Trauma-informed environments

Many women in prison have experienced significant levels of trauma both prior to and since coming into contact with the criminal justice system, Women with experience of trauma are particularly vulnerable and in need of appropriate and trauma-informed support to heal. It is important that prison staff are trained in trauma-informed approaches and there has been some good work in the women’s estate. This must include education staff, including those employed by the PEF [10]education providers.

 

Trauma often significantly impacts on individuals’ ability to learn, as traumatised learners are likely to be more ‘focused on immediate survival rather than on learning and cooperation’,[11] In many ways, the prison environment is antithetical to trauma-informed practice, which requires conditions which enable a sense of emotional safety.[12] This can be difficult to create in prison, given both that incarceration is by its very nature coercive, and that current conditions can be characterised by high levels of violence, addiction, self-harm and mental health problems. High staff turnover among prison staff presents an additional significant challenge, given that ‘continuity of relationships is of great importance’ within trauma-informed teaching practice.[13]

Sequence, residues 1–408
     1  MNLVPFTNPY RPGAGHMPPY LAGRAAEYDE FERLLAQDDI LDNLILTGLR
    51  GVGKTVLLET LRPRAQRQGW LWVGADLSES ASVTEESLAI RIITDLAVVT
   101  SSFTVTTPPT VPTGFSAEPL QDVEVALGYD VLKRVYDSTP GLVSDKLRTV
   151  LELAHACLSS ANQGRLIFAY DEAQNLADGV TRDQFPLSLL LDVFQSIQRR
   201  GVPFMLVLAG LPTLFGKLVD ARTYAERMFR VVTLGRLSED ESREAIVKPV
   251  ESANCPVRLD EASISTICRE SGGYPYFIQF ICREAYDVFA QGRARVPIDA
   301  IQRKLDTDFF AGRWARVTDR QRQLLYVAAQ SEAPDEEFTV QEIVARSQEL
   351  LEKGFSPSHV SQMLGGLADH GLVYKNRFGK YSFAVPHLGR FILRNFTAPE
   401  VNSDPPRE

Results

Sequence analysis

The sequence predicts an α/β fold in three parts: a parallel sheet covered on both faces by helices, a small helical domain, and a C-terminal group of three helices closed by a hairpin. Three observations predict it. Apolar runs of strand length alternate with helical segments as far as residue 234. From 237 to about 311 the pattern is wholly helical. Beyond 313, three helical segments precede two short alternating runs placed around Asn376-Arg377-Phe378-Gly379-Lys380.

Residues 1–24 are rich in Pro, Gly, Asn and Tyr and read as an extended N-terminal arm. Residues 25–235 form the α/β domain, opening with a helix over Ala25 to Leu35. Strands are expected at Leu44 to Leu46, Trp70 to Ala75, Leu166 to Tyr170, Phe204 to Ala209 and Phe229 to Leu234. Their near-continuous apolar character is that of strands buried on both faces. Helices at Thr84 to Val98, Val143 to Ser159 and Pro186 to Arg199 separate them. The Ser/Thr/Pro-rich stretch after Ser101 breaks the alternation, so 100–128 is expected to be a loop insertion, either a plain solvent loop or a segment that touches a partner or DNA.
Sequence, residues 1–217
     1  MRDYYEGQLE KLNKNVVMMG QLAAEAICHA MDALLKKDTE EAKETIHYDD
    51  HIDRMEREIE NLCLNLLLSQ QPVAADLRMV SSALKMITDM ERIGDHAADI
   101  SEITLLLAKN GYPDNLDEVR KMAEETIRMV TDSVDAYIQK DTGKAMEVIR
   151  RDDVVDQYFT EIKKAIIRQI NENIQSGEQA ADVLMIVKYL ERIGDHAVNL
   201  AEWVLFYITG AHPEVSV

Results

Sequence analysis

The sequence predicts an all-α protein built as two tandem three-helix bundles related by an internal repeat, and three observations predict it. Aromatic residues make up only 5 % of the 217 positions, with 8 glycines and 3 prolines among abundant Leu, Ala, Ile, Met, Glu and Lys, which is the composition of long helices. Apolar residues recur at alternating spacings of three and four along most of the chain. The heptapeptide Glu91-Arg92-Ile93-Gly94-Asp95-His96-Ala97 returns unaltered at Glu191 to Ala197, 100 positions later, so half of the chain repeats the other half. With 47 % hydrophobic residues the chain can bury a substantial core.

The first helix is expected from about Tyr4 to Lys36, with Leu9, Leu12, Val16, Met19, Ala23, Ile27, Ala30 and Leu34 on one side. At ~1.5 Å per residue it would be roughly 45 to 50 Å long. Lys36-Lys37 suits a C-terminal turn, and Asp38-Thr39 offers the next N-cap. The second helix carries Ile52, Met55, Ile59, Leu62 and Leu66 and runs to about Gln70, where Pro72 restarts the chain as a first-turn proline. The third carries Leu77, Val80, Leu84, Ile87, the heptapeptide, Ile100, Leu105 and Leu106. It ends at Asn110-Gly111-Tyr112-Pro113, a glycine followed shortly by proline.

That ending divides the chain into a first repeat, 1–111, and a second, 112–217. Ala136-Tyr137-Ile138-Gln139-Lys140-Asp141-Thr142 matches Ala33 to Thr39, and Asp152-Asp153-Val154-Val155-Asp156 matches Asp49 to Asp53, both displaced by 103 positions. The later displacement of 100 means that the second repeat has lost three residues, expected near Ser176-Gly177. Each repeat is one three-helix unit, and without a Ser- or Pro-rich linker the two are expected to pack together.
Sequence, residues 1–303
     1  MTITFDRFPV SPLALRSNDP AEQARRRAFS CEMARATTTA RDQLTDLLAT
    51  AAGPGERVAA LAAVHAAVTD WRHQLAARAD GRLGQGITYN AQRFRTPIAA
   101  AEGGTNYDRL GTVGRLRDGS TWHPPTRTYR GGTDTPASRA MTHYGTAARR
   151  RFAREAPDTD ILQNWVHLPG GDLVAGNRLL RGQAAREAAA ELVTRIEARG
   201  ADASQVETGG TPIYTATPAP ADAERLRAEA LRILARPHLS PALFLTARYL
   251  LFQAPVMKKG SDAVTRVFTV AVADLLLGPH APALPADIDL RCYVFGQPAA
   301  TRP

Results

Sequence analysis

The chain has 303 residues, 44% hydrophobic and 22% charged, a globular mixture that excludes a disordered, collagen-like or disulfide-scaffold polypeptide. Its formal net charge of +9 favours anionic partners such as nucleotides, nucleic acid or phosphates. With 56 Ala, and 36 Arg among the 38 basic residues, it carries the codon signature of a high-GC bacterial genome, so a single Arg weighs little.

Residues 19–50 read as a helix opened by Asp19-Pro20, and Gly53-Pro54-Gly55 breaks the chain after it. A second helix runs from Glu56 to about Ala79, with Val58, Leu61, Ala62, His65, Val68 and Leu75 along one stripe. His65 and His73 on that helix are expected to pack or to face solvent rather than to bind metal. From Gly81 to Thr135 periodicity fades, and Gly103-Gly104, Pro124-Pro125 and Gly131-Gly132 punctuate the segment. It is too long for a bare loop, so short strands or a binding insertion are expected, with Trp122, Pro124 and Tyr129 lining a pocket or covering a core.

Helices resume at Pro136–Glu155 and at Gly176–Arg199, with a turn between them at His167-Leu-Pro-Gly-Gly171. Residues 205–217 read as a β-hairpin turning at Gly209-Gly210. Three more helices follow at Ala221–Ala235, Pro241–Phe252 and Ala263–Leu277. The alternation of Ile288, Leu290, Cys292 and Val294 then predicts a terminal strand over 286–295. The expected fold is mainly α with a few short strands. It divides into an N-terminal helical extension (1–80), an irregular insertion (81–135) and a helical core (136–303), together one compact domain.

Additional learning needs

One area of particular concern is the lack of support for women with diverse needs and abilities.[14]  While we are pleased that routine and standardised screening for learning difficulties and disabilities when women enter prison is now in place, this is a relatively recent development and women who entered prison previously may have needs that are unrecognised and unmet.[15] In 2018 the Ministry of Justice reported that 40% of women (compared to 35% of men) in custody were identified as ‘having a learning difficulty/challenge’.[16]